Places - Northeast Harbor, “Blueberries” and “Leathery Ice”
Story: “Blueberries” & “Leathery Ice”
Storyteller: Lindsey Smallidge
Town: Northeast Harbor, ME
NA 2970 CD852 Track 7
Collector: Richard Lunt
Date: September 28, 1963
Motif: “Blueberries: X1490 (Miscellaneous plant motifs), X1796 (Extraordinary speed), and X966 (Remarkable jumper). “Ice”: X1540 (Lies about water features) and X1622.4 (Remarkable freezing of body of water).
Both stories heard here are included in the tenth volume of Northeast Folklore, “Jones Tracy: Tall-Tale Teller from Mount Desert Island,” as parts of Jones Tracy’s basic canon. Tracy was born April 2, 1856 on Foster’s Island while in transit between Petit Manan Island and Harrington, ME. He descended from a line of tall-tale tellers and folk heroes, and first moved to Mount Desert Island (MDI) when his father bought a 97 acre farm on MDI in 1861. Jones worked mostly on the family farm (and later on his own farm) and in the woods during winters. His story-telling flourished and grew popular in his old age; he died April 9, 1939 just after his 83rd birthday. He was known as a hard-working, stubborn man (though not unfriendly) even in his later years. A family legend has it that there is a notch in Acadia National Park at the north end of Somes Sound where Jones would not sell a piece of his land (a story that may have some truth behind it). Smallidge said these tales came from John Brown, another teller of tall-tales. Brown lived on Somes Sound near Tracy and was about 20 years older than Jones. He may have been influence on Jones (both in style and repertoire), but it is so similar to other collected versions of the story that were credited to Tracy that it is hard to tell who the stories originally came from. At any rate, both men deserve credit as good storytellers.
The first story heard here extolls the bountiful blueberry crop of MDI. “Blueberries” is listed as story number five among Tracy’s basic canon. The story is apparently local in character, but universal in its exaggeration of the marvelous fruits of the land and great speed of the hero. There is still great pride among residents of MDI (and many other places in Maine) in the quantities of blueberries on the mountains and the tale reflects that pride. The story only makes sense if one is familiar with “tacking,” a nautical term that describes how one sails into a headwind. Essentially, this is accomplished by angling the sails and cutting across the wind diagonally with the sails turned to catch the wind. What the character in the story accomplishes is thus a near miraculous feat. The berries are plentiful enough so he can pick a full pail very quickly: he jumps off the bowsprit (the pole that sticks out from the boat’s bow), collects the berries, and as the boat is tacking (turning) he jumps back onto the boom (the horizontal beam that holds the sail) as it swings across the boat. Not only would this require great speed and agility, but it would be very dangerous! As a geographic reference for where this supposedly took place, Somes Sound is a large fjord that cuts through the middle of MDI and Robinson Mountain is now called Acadia Mountain, on the western side of Somes Sound (also next to Echo Lake). There is still a Robinson Lane that follows the northern edge of the mountain.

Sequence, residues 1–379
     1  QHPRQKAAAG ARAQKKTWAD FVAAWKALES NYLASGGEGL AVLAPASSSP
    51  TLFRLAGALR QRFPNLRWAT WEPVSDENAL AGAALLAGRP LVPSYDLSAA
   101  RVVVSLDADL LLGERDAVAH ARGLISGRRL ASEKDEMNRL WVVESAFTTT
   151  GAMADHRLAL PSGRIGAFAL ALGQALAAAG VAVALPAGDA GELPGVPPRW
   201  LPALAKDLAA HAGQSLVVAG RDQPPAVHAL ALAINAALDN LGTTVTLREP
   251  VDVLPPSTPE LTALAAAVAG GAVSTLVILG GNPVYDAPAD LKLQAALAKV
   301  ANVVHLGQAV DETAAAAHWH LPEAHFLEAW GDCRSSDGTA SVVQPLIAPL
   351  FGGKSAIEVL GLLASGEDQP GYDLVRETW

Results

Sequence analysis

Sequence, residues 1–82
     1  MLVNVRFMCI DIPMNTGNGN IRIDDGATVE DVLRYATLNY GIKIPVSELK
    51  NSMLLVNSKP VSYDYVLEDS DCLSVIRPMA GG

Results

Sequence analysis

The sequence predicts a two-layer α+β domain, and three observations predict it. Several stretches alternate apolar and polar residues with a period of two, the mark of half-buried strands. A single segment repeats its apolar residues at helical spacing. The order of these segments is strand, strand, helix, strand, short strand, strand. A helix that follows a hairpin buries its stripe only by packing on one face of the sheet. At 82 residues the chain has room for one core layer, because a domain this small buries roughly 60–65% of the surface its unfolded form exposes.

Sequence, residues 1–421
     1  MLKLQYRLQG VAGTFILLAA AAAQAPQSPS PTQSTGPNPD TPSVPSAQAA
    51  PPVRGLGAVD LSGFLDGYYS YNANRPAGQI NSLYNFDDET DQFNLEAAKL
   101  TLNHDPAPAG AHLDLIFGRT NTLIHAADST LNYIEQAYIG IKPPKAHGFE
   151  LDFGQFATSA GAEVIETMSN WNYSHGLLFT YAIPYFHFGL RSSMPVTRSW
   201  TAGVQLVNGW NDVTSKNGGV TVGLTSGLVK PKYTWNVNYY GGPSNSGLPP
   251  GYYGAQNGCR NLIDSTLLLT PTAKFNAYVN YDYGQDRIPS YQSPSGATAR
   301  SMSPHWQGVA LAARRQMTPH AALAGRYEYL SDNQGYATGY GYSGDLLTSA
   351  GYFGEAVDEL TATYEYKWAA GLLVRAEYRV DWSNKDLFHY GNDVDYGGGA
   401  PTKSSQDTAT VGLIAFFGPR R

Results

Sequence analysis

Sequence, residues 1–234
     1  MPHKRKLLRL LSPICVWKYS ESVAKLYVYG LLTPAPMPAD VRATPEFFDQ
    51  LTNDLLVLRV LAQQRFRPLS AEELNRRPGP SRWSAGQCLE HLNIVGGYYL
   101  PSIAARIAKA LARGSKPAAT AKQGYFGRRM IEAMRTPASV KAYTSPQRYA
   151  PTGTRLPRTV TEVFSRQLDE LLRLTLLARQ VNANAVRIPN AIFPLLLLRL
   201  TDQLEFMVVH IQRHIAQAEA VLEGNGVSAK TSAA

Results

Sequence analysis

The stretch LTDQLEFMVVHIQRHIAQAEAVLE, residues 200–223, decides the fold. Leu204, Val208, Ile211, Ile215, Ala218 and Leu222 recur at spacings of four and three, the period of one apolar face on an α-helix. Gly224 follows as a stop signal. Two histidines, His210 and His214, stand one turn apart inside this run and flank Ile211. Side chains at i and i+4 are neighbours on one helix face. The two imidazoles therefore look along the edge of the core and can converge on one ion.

The second story, “Leathery Ice,“ also focuses on an amazing natural feature of Somes Sound: the newly formed ice. The tale is based on the observation that newly frozen salt water ice is very springy. In fact, one can walk on it and it will stretch and sink without breaking (just as described in story). The storyteller has made the most of the possible humor here, because it is impossible that salt water ice would stretch down so one can’t see the shore, let alone the mountain tops. The story uses the same reference to Robinson (Acadia) Mountain and also includes Brown Mountain (now Norumbega) which sits on the eastern side of Somes Sound.
John Brown was coming up [Somes] Sound on a schooner and tacking back and forth across the Sound; and the water is very deep up near the shore there and she’d run right close to the shore before she’d come about on the other tack. [Side conversation and laughter.] So he,’twas the Summer and there were a lot of blueberries on the mountain over there, Robinson’s mountain, so he took a pail and when she came into the shore he got out on the bowsprit and jumped ashore and he filled the pail and when she swung around, the boom came around there, he jumped onto the boom with a pail full of berries and away they went…
[More side conversation and laughter. Leads in to next story.]
…He tells about skating on the new ice. When salt water first freezes you’ve probably seen how leathery it is; it’ll sink right down under your weight and still hold. When I was a kid we used – I don’t know why I didn’t get drowned – we used to go down to the shore here, take a sled, sit on the sled like that and kick our heels through this ice and push ourselves around. On this soft ice we’d be going like this. [Demonstrates how they would kick the ice with their heels and push; also side conversation.] Well, anyway. He was skating on this soft ice and it was buckling under him so he couldn’t see Robinson’s mountain on one side or Brown’s mountain on the other.
Source: C. Richard K. Lunt, “Jones Tracy: Tall-Tale Teller from Mount Desert Island.” Northeast Folklore 10 (1968), 29-30 & 36-37.